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“Ta-khrai” in Thai
This erect annual plant resembles a coarse grey-green grass. Fresh leaves and grass are used as a flavouring. Lemongrass contains 0.2-0.4 volatile oil. Therapeutic properties are as a diuretic, emmanagogue, antiflatulence, antiflu and antimicrobial agent.



LIME (Common Lime)

“Ma-nao” in Thai
Lime is used principally as a garnish for fish and meat dishes. The fruit contains Hesperidin and Naringin, scientifically proven antiinflammatory flavonoids. Lime juice is used as an appetiser, and has antitussive, antiflu, stomachic and antiscorbutic properties.




“Sa-ra-nae” in Thai
The fresh leaves of this herbaceous plant are used as a flavouring and eaten raw in Thai cuisine. Volatile oil contents give the plant several therapeutic uses, including carminative, mild antiseptic, local anaesthetic, diaphoretic and digestant properties.




“Phrik-Thai” in Thai
Pepper is a branching, perennial climbing plant from whose fruiting spikes both white and black pepper are obtained. Used as a spice and condiment, Pepper contains 2 to4% volatile oil. Therapeutic uses are as carminative, antipyretic, diaphoretic and diuretic agents.




“Ka-phrao” in Thai
Sacred Basil is an annual herbaceous plant thai resembles Sweet Basil but has narrower and oftentimes reddish-purple leaves. The fresh leaves, which are used as a flavouring, contain approximately 0.5% volatile oil, which exhibus antimicrobial activity, specifically as a carminative, diaphoretic, expectorant and stomachic.




“Hom, Hom-lek, Hom-daeng” in Thai
Shallots, or small red onions, are annual herbaceous plants. Underground bulbs comprise garlic-like cloves. Shallot bulbs contain volatile oil, and are used as flavouring or seasoning agents. Therapeutic properties include the alleviation of stomach discomfort, and as antithelmintic, antidiarroheal, expectorant, antitussive, diuretic and antiflu agents.




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TURMERIC(Curcuma, Indian Saffron, Yellow Root)

“Kha-min” in Thai
Turmeric is a member of the ginger family, and provides yellow colouring for Thai food. The rhizomes contain 3 to 4% volatile oil with unique aromatic characteristics. Turmeric’s therapeutic properties manifest as a carminative, antiflatulence and stomachic.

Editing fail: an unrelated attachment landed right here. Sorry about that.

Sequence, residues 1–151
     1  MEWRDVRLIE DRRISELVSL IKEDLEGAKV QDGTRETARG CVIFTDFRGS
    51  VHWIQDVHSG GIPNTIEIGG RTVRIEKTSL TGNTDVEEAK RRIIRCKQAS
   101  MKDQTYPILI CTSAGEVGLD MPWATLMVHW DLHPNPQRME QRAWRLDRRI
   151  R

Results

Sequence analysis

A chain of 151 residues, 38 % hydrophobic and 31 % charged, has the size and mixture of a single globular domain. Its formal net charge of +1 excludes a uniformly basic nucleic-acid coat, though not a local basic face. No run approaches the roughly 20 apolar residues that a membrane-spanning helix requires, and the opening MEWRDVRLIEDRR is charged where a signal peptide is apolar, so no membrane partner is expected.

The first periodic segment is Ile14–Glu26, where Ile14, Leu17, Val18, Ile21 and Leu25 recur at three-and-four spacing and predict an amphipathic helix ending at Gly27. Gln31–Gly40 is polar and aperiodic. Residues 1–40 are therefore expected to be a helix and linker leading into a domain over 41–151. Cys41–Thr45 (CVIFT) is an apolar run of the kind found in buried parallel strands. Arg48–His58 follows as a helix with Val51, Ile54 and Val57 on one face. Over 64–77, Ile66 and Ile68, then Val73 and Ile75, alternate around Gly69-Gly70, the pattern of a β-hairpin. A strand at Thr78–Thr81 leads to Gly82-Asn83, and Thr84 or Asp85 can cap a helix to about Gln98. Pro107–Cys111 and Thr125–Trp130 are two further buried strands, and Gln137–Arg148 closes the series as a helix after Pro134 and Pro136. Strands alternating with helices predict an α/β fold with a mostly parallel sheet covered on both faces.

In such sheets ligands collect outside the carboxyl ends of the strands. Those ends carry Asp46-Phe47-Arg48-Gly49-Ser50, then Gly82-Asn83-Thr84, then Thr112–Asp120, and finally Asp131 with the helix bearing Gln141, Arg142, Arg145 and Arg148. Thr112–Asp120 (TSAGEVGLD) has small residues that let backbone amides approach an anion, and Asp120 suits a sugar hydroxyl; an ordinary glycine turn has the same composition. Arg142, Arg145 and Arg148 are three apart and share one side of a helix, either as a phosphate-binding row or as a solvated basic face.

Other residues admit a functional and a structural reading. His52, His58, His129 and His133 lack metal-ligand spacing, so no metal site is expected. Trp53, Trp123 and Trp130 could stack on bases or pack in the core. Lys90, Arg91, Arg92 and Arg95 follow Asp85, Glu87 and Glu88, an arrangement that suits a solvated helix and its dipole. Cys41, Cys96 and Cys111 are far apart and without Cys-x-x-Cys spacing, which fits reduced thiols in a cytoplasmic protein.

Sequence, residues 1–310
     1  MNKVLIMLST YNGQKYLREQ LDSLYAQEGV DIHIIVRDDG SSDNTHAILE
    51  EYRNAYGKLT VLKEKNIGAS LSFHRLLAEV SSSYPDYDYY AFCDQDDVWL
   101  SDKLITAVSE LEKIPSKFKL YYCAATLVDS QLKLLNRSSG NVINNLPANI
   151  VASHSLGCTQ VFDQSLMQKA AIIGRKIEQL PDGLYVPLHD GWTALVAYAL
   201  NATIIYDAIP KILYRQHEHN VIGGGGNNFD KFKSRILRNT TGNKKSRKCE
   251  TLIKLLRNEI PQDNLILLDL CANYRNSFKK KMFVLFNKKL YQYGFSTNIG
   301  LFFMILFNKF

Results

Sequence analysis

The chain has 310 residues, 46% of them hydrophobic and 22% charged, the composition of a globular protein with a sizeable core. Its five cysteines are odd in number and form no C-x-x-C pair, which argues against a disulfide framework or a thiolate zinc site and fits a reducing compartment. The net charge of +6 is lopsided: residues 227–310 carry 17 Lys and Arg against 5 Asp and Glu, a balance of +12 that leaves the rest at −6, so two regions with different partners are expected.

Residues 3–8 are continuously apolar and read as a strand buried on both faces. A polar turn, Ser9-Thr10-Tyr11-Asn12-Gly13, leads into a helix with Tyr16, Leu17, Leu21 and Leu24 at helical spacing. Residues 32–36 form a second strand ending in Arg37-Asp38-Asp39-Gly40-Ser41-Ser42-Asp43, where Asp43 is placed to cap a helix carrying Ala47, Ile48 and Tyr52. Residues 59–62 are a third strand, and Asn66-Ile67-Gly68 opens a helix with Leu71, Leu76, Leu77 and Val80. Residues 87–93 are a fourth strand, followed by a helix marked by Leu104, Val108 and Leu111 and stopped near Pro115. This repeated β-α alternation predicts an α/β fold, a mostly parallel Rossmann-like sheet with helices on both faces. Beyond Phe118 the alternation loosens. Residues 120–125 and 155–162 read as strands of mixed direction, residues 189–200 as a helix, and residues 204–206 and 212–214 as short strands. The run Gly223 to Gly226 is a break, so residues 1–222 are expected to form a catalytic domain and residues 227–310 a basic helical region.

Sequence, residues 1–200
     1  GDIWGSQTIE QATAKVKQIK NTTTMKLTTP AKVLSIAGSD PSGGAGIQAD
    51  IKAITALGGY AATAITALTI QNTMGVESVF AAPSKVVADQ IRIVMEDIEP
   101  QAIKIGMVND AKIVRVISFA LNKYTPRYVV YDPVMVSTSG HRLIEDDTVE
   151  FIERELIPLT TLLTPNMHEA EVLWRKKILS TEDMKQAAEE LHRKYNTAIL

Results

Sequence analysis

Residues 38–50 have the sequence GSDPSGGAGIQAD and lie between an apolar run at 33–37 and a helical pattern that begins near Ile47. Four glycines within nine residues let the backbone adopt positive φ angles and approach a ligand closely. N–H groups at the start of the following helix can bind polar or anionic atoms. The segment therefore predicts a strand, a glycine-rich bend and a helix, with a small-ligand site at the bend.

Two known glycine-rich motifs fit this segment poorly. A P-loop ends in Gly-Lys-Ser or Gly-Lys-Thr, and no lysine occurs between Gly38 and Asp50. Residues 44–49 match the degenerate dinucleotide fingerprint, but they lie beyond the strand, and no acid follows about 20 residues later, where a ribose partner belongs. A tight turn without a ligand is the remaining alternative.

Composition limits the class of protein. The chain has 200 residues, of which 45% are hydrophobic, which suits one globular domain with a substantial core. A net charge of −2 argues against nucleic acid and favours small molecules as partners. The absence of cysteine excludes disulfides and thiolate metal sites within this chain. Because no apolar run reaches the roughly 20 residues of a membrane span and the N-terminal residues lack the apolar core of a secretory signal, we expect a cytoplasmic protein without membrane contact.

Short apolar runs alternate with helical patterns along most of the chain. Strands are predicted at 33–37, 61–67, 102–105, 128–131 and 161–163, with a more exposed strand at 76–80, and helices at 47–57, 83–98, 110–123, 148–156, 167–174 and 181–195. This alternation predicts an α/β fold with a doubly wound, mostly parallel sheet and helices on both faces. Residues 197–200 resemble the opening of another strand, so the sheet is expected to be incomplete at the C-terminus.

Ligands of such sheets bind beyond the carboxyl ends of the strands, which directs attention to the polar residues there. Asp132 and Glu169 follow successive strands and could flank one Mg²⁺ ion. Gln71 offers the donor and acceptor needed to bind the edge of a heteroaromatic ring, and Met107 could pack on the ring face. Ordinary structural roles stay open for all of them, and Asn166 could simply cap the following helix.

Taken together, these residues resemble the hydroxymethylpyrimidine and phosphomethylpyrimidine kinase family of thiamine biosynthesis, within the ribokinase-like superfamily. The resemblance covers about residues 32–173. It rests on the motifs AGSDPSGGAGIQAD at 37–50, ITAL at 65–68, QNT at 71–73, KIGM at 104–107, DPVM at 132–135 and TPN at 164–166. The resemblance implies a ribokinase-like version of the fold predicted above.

Snacks and Starters
              Thais love to eat and not just at meal times. Hence snacks and starters are often eaten between meals, at teatime, or at drinking parties as well as at the start of a meal.The variety of snacks in Thai cuisine reflects the abundance of raw ingredients and the imaginative use of indigenous herbs and spices.


Spicy Thai Fish Cakes and Cucumber Salad
(Thot Man Pla and Achat)
Chicken Satay and Peanut Sauce.
(Satay Kai and Nam Jim Satay)
Fried Spring Rolls
(Po Pia Thot)
Spicy Salmon Salad, Thai Style
(Lap Salmon)
Marinade for Grilled Skewered Pork (Mu Ping) /
Grilled Chicken Breast Thai Style (Kai Yang)
Soups and Salads
               The lack of starch in Thai soups is a unique facet of Thai cuisine. By combining Thai herbs such as galangal, kaffir lime and lemon grass with clear broth, Thai soups are refreshing, while the herbs soothe the stomach. Salad dressings (nam yum) differ from those in the West in that they are not oily and contain no fats of any kind. This makes them light and delicious, however once tossed they should be eaten immediately.


Thai Prawn Salad
(Phla Kung)
Chicken Coconut Soup
(Tom Kha Kai)
Hot and Sour Soup with Prawns
(Tom Yum Kung)
Carrot or Papaya Salad
(Som Tam)
Main Courses
               Thai foods are unique because of the combination of ingredients. Curries tend to be quite light as the curry paste is made from fresh ingredients, while the richness is derived primarily from coconut milk. The use of herbs and spices, plus the simplicity of the cooking process, makes Thai food refreshing, while the imaginative mix of ingredients enhances the taste.